2. The bridge
The bridge swings over the stream "with ease and power." It does not just connect banks that are already there The banks emerge as banks only as the bridge crosses the stream. The bridge designedly causes them to lie across from each other.
One side is set off against the other by the bridge. Nor do the banks stretch along the stream as indifferent border strips of the dry land. With the banks, the bridge brings to the stream the one and the other expanse of the landscape lying behind them.
The bridge gathers the earth as landscape around the stream. Thus it guides and attends the stream through the meadows. Resting upright in the stream's bed, the bridge-piers bear the swing of the arches that leave the stream's waters to run their course...
The bridge lets the stream run its course and at the same time grants their way to mortals so that they may come and go from shore to shore.
Bridges lead in many ways. The city bridge leads from the precincts of the castle to the cathedral square; the river bridge near the country town brings wagons and horse teams to the surrounding villages. The old stone bridge's humble brook crossing gives to the harvest wagon its passage from the fields into the village and carries the lumber cart from the field path to the road. The highway bridge is tied into the network of long-distance traffic, paced as calculated for maximum yield...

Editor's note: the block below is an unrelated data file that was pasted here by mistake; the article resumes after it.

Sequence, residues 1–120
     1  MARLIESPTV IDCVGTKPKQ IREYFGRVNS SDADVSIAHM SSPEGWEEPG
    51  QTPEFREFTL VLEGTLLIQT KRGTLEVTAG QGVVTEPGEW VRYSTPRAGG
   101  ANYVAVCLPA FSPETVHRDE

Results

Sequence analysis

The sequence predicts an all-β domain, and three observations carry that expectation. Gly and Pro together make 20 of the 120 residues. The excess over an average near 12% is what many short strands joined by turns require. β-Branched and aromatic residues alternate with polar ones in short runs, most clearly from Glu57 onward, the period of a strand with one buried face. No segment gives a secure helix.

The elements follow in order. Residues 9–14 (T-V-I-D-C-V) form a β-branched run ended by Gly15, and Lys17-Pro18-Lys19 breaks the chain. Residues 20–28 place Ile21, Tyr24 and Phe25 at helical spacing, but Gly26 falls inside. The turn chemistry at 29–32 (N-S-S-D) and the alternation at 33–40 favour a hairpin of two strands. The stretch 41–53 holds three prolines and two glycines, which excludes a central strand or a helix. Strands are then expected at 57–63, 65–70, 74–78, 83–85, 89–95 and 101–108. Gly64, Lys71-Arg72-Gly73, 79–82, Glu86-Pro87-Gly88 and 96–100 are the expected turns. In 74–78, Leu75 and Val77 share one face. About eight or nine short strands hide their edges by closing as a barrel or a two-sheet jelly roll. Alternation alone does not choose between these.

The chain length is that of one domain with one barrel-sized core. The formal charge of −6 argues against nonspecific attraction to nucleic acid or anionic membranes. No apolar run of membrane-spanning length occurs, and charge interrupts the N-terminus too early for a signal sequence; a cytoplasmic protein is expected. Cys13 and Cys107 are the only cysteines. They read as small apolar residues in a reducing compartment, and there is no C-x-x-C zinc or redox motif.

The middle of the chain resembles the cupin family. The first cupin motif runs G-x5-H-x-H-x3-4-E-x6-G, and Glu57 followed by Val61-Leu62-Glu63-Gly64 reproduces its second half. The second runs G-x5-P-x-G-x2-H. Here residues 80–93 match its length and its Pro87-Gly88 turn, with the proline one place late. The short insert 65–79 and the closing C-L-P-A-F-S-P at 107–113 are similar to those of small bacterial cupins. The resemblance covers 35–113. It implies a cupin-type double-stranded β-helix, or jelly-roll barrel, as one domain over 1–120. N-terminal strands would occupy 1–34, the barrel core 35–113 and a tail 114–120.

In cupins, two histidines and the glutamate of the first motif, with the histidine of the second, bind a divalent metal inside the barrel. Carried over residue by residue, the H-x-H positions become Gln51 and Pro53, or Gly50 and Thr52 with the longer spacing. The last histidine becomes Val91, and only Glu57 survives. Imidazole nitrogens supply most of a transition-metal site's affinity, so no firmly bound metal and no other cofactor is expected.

The bridge gathers, as a passage that crosses, before the divinities -- whether we explicitly think of, and visibly give thanks for, their presence, as in the figure of the saint of the bridge, or whether that divine presence is obstructed or even pushed wholly aside.
The bridge gathers to itself in its own way earth and sky, divinities and mortals.
Heidegger, "Building Dwelling Thinking"
What is he trying to say here? Does the bridge "make" the landscape? In an important sense, it does. The land, and river, are pure potential, and as such are latent. We don't see the either the human or the natural potential here. But with the bridge, potential is uncovered. We can see a life.
So what kind of life is it? For humans, one that takes the river into account. The river makes some things possible (e.g., shipping, fishing), and in other ways complicates things (e.g., it might overflow, freeze, become polluted). But the life by a river is a particular kind of life, just as Maritime fishing communities are particular kinds of communities because of their relationship to the sea. They too have a technology - boats, rather than bridges, but the same thing applies. What they have built opens up a relationship between themselves and nature.
The bridge "gathers together" the river. A bridge creates a location.